Is your credit score good enough?
The average credit score is 630 for men and 621 for women, according to Credit Sesame. If that's you, your credit score is viewed as "nonprime" by lenders and most certainly not good enough to get you the best rates when you borrow money. Higher "prime" credit scores (between 661 and 780) qualify you for good interest rates, and a "super prime" credit score (between 781 and 850) affords you the very best rates.
So, what's your credit score? If your credit is around that nonprime average or higher, all it takes is just a 35- to 50-point bump to push your score up to the next level.
Understanding Negative Credit Incidents
Negative credit behavior does to your credit report what "F" grades do to a GPA. Remember those?
First off, it takes at least seven years for negative credit marks to fall off your credit report. Second, score drops for negative reasons happen quicker and have a deeper impact than score bumps for responsible credit behavior, according to a recent a VantageScore report.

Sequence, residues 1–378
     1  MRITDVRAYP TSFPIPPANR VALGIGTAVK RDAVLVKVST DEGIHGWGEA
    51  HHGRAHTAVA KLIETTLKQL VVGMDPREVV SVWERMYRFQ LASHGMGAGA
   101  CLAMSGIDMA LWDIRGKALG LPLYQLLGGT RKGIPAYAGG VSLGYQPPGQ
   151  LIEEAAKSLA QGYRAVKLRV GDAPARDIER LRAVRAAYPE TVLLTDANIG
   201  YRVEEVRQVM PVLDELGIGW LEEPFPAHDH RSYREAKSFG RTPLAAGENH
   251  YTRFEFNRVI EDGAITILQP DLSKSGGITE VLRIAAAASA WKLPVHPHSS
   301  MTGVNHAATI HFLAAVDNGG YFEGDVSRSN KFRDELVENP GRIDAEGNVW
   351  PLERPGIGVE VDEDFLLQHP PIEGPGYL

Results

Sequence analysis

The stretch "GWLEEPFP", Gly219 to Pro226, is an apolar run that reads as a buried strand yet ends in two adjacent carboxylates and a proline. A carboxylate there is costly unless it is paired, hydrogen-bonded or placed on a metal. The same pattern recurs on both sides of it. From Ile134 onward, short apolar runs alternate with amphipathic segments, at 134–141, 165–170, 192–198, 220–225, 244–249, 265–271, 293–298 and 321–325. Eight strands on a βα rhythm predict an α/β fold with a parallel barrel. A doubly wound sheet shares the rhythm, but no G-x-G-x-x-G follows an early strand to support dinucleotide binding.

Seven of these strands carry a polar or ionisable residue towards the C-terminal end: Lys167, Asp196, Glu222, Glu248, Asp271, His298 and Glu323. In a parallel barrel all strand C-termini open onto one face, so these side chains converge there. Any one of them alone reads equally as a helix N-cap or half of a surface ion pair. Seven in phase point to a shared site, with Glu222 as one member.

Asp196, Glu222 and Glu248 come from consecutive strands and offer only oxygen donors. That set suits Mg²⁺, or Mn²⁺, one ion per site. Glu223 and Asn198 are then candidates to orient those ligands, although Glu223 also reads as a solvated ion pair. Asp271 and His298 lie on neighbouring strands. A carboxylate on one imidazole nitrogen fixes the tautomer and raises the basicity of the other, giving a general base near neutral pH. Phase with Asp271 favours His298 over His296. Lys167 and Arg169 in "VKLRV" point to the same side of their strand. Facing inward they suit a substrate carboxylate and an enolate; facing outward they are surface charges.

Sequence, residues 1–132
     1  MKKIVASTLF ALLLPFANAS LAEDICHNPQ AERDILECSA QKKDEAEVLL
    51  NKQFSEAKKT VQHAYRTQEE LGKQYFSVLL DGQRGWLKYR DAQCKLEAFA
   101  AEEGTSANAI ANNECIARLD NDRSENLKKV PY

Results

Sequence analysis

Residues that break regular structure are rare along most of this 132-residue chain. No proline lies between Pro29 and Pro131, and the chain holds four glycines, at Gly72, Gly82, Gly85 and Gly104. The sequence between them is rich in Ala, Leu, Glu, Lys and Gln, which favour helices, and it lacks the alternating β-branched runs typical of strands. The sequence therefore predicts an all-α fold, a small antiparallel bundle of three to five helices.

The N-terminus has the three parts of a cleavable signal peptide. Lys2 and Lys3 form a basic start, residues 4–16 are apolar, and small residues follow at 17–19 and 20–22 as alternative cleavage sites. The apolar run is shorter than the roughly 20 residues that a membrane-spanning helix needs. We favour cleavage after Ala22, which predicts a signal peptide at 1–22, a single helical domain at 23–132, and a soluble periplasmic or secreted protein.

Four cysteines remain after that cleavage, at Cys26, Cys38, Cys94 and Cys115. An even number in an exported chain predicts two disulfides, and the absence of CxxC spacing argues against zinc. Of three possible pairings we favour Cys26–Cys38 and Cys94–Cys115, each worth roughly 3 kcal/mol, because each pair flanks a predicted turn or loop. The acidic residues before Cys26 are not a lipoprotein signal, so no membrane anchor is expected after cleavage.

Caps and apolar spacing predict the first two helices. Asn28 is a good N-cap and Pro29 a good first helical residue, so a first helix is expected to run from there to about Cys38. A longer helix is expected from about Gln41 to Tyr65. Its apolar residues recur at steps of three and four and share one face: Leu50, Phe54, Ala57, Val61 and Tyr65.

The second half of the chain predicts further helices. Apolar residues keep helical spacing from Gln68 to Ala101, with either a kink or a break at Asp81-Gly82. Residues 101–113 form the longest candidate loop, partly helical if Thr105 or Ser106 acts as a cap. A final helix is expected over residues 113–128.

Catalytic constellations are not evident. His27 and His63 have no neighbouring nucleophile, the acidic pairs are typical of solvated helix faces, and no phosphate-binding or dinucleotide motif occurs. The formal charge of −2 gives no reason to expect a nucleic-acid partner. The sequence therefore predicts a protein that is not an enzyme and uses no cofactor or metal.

That's because your credit score generally represents the most recent seven years of your credit accounts (or 10 years if you've had certain bankruptcies). Just because you made a late-paid account current doesn't erase that late payment, or the fact that the balance was high a month ago. And, unfortunately, the higher your score starts, the steeper the fall for bad credit behavior.
Your score will drop the most in the first month after making a late payment or maxing out a credit card, for example. But as time passes, negative marks have less impact. Around two years later, they have little bearing on your credit score, even though they're still listed as negative marks on your credit report for seven years.
What's tricky to predict is how specific credit-related activities will impact your credit, as that depends on all of the other information — bad or good — in your credit report. Even so, the VantageScore report found that most consumers' credit scores fluctuate by up to 20 points, mostly for the better, in any given 90-day period.
Readers, what are you doing to improve or maintain your credit score? Let us know in the comments below.